Home > Reviews > HARRY POTTER AND THE ORDER OF THE PHOENIX – Nicholas Hooper

HARRY POTTER AND THE ORDER OF THE PHOENIX – Nicholas Hooper

Original Review by Jonathan Broxton

It’s always enormously gratifying when a new, untested composer gets a chance to score a major, high-profile studio film for the first time in their career. While others may have wrung their hands in anguish about Nick Hooper’s appointment to score the fifth Harry Potter film, Harry Potter and the Order of the Phoenix, I always tend to see these things as a mouth-watering prospect, full of potential. Remember, Howard Shore was the creepy thriller composer before Lord of the Rings came along. Even John Williams was typecast as a silly comedy/disaster movie composer before two unknown directors called Steven Spielberg and George Lucas came along and got him to score their little movies. On Order of the Phoenix, it’s the daunting shoes of Williams that Hooper has to fill, which is no mean feat in itself, and his career may fly or flounder purely on the response to his score for, and the box-office performance of, this film.

For those of you who have been living on Mars for the last few years, Harry Potter and the Order of the Phoenix is the fifth film based on the indescribably successful series of books by author J.K. Rowling, and follows the adventures of young wizard Harry Potter (Daniel Radcliffe) at the Hogwarts School of Witchcraft and Wizardry. Harry witnessed the rebirth of his nemesis, the evil warlock Voldemort (Ralph Fiennes), at the end of the fourth film, and is now determined to warn the wizarding world about the impending arrival of the most dangerous magician the world has ever known – the only problem is that, by and large, no-one believes him. So despite the threats coming from the Ministry of Magic, Harry and his friends Ron Weasley (Rupert Grint) and Hermione Granger (Emma Watson) team up with a clandestine organization named the Order of the Phoenix – the majority of whose members are Hogwarts teachers and wizards loyal to the school – to stop Voldemort’s plans. In the meantime, Harry has to deal with the usual trials and tribulations of teenage life, including his first romance, and a horrific teacher named Dolores Umbridge, sent to Hogwarts by the Ministry to quell the spreading rumors.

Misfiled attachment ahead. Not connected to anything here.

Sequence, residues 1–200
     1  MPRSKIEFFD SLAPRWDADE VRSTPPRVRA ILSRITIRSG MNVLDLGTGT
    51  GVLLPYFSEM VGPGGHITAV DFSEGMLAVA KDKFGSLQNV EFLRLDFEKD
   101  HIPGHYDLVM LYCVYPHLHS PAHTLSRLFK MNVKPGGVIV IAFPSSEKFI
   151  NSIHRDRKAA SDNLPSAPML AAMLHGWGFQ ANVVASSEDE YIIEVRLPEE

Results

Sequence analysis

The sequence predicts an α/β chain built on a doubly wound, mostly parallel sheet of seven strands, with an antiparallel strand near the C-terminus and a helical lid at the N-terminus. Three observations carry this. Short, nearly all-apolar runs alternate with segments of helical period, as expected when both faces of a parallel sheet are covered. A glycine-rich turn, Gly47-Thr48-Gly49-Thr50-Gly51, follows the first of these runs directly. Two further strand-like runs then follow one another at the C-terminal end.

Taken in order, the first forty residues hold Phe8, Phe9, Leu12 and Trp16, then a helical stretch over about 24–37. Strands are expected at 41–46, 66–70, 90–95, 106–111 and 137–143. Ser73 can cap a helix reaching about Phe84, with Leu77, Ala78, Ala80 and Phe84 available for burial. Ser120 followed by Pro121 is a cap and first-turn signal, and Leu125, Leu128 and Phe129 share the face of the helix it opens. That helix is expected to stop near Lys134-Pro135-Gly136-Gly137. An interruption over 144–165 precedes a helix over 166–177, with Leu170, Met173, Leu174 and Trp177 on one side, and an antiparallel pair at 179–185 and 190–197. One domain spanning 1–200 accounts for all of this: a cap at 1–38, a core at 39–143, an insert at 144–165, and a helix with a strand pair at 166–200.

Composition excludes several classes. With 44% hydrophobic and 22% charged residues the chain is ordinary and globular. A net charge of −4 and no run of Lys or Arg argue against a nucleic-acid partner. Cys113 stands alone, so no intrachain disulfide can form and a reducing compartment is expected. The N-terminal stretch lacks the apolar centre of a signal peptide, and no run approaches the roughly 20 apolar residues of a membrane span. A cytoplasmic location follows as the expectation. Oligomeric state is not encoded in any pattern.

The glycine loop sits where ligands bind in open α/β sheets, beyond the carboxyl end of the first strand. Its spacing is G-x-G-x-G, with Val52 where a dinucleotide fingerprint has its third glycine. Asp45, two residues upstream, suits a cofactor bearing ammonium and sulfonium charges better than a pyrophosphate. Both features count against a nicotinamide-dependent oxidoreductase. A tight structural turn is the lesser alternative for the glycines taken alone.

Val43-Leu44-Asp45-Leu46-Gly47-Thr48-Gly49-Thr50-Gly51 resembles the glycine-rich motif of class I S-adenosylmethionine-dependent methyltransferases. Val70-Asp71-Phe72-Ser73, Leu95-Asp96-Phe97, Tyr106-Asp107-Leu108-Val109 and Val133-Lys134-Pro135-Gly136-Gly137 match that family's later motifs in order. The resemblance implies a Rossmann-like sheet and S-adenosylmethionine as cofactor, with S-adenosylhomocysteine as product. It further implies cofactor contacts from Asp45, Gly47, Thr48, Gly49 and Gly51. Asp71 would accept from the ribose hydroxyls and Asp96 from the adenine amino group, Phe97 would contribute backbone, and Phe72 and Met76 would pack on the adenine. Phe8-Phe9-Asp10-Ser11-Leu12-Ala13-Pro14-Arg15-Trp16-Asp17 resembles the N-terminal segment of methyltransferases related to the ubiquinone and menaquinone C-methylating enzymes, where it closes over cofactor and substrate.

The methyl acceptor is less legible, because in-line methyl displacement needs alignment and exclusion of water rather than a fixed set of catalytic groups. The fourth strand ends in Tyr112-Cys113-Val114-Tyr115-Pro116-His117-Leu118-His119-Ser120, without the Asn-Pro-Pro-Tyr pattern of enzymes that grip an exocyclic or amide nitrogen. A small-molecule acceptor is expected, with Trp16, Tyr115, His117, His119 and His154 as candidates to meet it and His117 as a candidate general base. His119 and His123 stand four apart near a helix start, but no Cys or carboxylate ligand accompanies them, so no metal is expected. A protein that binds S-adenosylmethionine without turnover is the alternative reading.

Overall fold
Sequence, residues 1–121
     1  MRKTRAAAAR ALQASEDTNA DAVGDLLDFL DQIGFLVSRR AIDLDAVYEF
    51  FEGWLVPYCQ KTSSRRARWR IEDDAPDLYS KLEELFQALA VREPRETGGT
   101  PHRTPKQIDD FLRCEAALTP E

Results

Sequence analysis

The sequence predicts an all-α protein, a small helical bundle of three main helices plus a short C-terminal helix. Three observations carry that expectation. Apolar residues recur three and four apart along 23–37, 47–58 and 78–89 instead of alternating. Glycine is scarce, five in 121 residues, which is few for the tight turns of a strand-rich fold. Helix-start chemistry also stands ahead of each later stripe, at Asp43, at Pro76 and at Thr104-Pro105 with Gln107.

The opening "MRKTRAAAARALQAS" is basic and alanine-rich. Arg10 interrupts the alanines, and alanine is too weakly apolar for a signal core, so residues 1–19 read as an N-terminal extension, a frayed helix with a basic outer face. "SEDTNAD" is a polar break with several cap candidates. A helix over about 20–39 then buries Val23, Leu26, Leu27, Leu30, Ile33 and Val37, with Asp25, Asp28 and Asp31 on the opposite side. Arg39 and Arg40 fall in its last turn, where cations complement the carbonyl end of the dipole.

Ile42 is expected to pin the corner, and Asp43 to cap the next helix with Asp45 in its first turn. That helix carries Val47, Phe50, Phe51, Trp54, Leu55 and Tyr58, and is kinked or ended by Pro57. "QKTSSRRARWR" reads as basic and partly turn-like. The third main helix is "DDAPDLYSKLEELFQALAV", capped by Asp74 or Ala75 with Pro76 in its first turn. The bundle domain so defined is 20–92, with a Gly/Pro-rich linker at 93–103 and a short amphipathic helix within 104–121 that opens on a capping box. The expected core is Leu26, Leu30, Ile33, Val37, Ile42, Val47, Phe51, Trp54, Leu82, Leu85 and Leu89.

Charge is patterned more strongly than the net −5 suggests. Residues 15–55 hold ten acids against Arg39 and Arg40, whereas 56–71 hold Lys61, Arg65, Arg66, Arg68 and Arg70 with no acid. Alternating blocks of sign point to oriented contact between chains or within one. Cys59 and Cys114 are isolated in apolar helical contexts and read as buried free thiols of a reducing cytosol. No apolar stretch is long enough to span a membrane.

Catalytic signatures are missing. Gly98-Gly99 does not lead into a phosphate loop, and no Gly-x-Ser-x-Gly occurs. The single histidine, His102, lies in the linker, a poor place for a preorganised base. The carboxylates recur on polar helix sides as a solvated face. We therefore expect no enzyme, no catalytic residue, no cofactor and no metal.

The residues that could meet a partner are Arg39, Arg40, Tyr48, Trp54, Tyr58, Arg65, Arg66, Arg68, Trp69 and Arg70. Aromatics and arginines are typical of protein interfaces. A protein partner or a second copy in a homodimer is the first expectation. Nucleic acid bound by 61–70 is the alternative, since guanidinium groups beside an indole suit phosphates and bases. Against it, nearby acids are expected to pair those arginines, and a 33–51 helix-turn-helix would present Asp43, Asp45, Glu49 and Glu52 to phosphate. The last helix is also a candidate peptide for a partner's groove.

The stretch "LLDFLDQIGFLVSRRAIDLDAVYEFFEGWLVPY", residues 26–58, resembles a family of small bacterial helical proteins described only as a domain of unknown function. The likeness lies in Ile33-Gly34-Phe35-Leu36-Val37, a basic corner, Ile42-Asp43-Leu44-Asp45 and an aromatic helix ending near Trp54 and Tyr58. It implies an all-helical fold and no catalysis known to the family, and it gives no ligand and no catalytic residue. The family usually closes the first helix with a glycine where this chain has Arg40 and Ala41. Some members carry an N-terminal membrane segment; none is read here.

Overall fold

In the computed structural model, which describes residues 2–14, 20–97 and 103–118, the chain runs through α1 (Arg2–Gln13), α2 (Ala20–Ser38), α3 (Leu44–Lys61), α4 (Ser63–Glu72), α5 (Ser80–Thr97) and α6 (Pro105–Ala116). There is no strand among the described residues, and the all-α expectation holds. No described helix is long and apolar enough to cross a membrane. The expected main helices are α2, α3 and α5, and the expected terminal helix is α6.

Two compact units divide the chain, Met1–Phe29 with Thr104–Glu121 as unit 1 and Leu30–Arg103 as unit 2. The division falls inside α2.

The adult cast of Order of the Phoenix is a veritable who’s who of British acting talent: Michael Gambon, Maggie Smith, Gary Oldman, Alan Rickman, Robbie Coltrane, Emma Thompson, Jason Isaacs, David Thewlis and Julie Walters are joined by newcomers Helena Bonham-Carter and Imelda Staunton. The director is David Yates, a veteran of numerous BBC dramas, including the BAFTA-winning Sex Traffic and The Way We Live Now. Hooper’s attachment to the project is solely because of Yates’s involvement: Yates and Hooper have worked together five times before, including two of Hooper’s five BAFTA-nominated scores.

But, as I said, it’s daunting enough to follow John Williams; Hooper has to not only follow Williams, but also Patrick Doyle, who wrote the best score of 2005 for the last Hogwarts adventure, Harry Potter and the Goblet of Fire. Thankfully, Hooper’s end result is pleasing, if not as groundbreaking or memorable as its predecessors. Like Doyle did, Hooper uses Williams’ familiar main theme from the series in several key locations. In the main title theme, “Another Story”, it receives dark and foreboding statement. In “The Hall of Prophecies”, it receives arguably its darkest recapitulation yet, while in “The Journey to Hogwarts” it is strident and full of purpose.

There are two main new themes: firstly, a saccharine-sweet, irritatingly pompous, but wholly appropriate little march for prancing strings and twinkling glockenspiels for the despicable Dolores Umbridge, which gets its concert performance in the eponymous second cue, and appears later in the gossamer-like “The Room of Requirement” and the playful “Umbridge Spoils and Beautiful Morning”. The second, more insidious theme is the ‘Possession Theme’, which underscores the mental aspect of Harry’s battle with Lord Voldemort, and is identified through a series of soft, sinister, appropriately snake-like string fugues which churn away under the music in “Possession”, “The Sirius Deception”, and others as Voldemort slowly begins to unveil his horrible plan.